"The tradeoffs to opening the economy back up are more deaths versus less of a recession," said Wharton's Richard Prisinzano. "It doesn't seem prudent to me to open up now. But if there was information that said we have slowed the spread of the virus and people aren't getting infected and we have a real treatment for those who do, then I would say OK, let's think about opening back up."
Turning social distancing on and off?
Because a number of national health care authorities have predicted that the U.S. COVID-19 epidemic will expand and wane in multiple "waves" over time, the panel discussed how social distancing policies could be adjusted for that over an extended period of time.
"You can imagine a situation where you can't have more than 10 people in a store of a certain size," said Prisinzano. "This kind of thing could potentially keep some businesses open. We've all seen the signs 'By order of the Fire Marshall, only 200 people in this room'. That number would just all of a sudden get divided by ten, which might give some easing on business but still keep the social distancing operating."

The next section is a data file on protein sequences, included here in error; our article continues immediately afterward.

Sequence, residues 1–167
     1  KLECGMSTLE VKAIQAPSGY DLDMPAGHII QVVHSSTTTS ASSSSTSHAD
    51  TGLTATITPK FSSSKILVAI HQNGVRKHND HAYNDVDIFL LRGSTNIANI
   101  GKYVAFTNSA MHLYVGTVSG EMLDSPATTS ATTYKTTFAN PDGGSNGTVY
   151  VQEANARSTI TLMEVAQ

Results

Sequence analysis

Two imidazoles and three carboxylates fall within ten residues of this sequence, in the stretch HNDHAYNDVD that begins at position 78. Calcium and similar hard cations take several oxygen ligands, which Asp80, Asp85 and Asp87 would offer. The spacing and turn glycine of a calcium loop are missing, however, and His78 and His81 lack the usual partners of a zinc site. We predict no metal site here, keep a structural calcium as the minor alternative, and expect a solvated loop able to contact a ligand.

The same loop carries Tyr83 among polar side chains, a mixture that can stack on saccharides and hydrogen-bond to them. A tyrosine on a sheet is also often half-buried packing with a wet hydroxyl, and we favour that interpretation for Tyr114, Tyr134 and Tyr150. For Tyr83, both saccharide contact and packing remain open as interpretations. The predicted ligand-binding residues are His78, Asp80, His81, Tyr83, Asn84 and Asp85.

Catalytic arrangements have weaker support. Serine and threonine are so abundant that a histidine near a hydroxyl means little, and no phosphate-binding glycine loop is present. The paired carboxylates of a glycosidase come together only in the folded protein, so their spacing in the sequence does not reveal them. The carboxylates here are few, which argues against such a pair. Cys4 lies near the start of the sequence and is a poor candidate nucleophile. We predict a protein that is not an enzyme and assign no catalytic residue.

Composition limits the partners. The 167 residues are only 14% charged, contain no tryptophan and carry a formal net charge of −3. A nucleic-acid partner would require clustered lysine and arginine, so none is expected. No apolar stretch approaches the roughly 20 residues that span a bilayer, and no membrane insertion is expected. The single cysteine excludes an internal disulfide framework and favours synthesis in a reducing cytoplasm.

Alison Buttenheim didn't believe trying to turn social distancing on and off repeatedly would work. "Think about how we might build a policy around that," she said. "That would be really hard to implement if you're a school district or a university or a community with a lot of small businesses in it. Just like we need creative solutions for protecting vulnerable populations, we're REALLY going to need some creative solutions to partial, repeated cycles of clamping down and easing up on social distancing restrictions."
Segment low and high risk?
David Grande pointed out that one theme in the current political debate around COVID-19 proposes that social distancing restrictions be lifted on low-risk people while even tighter restrictions are placed on people at high-risk for the disease.
"I don't think that's a good idea," said epidemiologist Michael Levy. "Low risk people are connected to higher risk people and even suggesting this is not super helpful. What we will have is a lot of people becoming infected whether we want to or not."